ed”, although slaves, at least by a tacit connivance, c H A P. were indiscriminately received into the ranks, the XVII. insurmountable difficulty of procuring a regular \--" and adequate supply of volunteers, obliged the emperors to adopt more effectual and coèrcive methods. The lands bestowed on the veterans, as the free reward of their valour, were henceforward granted under a condition, which contains the first rudiments of the feudal tenures; that their sons, who succeeded to the inheritance, fhould devote themselves to the profession of arms, at soon as they attained the age of manhood; and their cowardly refusal was punished by the loss of honour, of fortune, or even of life". But as the annual growth of the sons of the veterans bore a very small proportion to the demands of the service, levies of men were frequently required from the provinces, and every proprietor was obliged either to take up arms, or to procure . a substitute, or to purchase his exemption by the payment of a heavy fine. The sum of forty-two pieces of gold, to which it was reduced, ascertains the exorbitant price of volunteers, and the reluc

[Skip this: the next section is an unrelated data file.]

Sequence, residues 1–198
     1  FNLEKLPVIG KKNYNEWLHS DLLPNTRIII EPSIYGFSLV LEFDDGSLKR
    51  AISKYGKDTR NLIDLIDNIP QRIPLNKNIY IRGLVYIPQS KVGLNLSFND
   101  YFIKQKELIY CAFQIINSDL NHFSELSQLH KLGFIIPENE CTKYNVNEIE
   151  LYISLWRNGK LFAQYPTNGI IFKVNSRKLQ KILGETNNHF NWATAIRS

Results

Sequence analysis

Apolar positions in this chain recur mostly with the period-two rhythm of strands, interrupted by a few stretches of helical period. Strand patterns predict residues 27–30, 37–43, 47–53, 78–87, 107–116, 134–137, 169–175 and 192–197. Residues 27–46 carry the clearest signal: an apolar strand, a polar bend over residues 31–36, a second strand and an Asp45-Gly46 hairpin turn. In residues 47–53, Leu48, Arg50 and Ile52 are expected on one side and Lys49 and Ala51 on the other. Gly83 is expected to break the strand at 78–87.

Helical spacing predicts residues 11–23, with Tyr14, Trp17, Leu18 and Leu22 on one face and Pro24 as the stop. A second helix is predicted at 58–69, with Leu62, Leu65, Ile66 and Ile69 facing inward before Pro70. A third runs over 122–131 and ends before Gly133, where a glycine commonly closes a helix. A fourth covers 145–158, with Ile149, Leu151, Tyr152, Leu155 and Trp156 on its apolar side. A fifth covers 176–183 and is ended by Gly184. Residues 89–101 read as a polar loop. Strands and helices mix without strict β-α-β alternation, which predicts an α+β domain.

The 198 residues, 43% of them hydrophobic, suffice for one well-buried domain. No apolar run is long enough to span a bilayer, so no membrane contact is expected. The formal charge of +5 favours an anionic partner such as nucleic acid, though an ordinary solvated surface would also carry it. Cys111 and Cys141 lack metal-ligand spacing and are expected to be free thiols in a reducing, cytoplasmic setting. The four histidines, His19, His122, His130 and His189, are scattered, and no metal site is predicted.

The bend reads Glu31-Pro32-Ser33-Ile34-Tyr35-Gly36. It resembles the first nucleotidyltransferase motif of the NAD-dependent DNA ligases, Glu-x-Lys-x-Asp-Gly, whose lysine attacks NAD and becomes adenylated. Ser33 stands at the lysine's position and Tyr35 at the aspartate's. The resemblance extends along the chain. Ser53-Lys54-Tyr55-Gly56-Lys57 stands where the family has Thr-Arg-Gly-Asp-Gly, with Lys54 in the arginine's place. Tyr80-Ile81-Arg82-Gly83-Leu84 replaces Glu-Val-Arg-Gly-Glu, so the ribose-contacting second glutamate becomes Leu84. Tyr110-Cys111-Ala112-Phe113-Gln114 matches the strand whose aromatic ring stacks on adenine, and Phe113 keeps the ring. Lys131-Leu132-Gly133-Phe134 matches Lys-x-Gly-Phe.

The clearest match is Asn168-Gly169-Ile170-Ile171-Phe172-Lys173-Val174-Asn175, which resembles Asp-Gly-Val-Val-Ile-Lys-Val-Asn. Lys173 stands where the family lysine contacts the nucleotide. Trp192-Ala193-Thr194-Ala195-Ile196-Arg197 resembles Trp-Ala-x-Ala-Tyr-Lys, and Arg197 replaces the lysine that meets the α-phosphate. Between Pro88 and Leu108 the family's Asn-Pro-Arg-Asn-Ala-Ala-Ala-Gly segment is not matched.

13s Valentinian (Cod. Theodos. 1. vii. tit. xiii. leg. 3.) fixes the standard at five feet seven inches, about five feet four inches and a half English measure. It had formerly begn five feet ten inches, and in the best corps fix Roman feet. Sed tunc erat amplior multitudo, & plures sequebantur militiam armatan. Vegetius de Re Militari, l. i. c. 5.

136 See the two titles, De Veteranis, and De Filiis Veteranerum, in the seventh book of the Theodosian Code. The age at which their military service was required, varied from twenty-five to sixreen. If the sons of the veterans appeared with a horse, they had a right to serve in the cavalry two horses gave them some valuable privileges.

Vol. III. F £3. IICe:

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alternative". Such was the horror for the pro-
fesfion of a soldier, which had affected the minds